How does faulty wiring in the brain contribute to depression?


Columbia researchers have identified a new approach to understanding psychiatric disorders like depression, bipolar disorder, and schizophrenia. Rather than focusing on overall levels of chemicals in the brain, they are examining the brain’s wiring to see how and where these chemicals are distributed.

Tom Maniatis, professor of molecular and cellular biology and director of Columbia’s University-wide Precision Medicine Initiative, and his colleagues have located a gene that allows neurons that release serotonin, a neurotransmitter, to wind throughout the brain. This even distribution ensures serotonin’s uniform and continuous release, regulating emotion and mood.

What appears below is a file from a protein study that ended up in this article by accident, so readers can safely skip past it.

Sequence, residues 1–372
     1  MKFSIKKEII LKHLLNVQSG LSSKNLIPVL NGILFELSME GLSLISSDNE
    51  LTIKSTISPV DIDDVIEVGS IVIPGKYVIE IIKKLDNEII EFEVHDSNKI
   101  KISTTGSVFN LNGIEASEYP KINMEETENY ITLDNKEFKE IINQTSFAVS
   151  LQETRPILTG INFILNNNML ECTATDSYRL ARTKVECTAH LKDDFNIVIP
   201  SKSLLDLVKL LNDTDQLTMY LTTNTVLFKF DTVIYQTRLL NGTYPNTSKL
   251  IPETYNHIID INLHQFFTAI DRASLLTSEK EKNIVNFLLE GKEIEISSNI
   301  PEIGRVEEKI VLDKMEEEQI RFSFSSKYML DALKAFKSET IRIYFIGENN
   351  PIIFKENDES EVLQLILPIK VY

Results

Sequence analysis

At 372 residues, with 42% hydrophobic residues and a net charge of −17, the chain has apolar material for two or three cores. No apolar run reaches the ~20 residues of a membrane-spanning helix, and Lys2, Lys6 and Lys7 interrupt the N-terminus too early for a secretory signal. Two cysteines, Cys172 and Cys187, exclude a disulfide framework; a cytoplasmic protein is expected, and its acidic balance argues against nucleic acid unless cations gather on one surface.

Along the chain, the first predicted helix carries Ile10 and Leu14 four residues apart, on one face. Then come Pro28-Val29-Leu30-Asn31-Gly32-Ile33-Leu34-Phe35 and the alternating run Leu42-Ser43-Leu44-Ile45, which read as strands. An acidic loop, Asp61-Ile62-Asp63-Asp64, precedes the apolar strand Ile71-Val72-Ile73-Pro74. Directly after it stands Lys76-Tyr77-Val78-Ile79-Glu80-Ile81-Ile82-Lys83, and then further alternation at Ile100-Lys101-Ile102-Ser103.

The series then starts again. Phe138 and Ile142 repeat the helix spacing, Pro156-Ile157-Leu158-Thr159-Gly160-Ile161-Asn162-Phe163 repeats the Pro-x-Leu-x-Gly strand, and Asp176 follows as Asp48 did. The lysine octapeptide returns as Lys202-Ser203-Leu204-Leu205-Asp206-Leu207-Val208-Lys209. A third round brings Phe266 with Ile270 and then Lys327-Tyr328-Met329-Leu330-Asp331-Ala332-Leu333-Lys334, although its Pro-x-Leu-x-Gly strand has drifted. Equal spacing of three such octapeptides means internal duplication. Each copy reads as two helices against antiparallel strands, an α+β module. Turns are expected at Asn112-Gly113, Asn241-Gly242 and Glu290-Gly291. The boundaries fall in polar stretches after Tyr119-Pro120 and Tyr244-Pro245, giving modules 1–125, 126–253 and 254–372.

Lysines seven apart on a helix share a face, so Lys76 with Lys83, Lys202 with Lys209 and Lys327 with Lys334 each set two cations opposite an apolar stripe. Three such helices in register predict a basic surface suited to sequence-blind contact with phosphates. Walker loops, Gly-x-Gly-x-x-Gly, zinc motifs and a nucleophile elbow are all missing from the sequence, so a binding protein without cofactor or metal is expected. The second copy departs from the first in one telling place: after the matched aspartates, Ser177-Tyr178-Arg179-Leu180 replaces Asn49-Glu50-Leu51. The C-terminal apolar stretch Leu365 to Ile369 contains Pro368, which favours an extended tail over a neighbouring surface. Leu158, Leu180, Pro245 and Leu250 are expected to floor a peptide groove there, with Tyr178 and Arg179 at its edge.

The researchers deleted this gene from mice, and observed as branches of neurons became entangled. The mice’s neurons still released serotonin, but it no longer flowed evenly throughout their brains. The mice lacking the gene showed striking behavioral differences from normal, healthy mice as they exhibited classic signs of depression such as behavioral despair and enhanced fear memory.

“Most studies focus on problems with the production or uptake of serotonin, not on problems with the brain itself,” said Maniatis. “Wiring anomalies are clearly a new place to look.” Learn more.

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